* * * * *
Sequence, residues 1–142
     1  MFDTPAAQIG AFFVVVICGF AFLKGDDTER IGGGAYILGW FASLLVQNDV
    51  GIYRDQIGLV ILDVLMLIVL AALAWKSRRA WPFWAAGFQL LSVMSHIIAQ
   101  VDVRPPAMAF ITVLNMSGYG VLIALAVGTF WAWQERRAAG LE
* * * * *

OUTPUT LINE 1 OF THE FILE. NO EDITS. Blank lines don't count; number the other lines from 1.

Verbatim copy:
Sequence, residues 1–142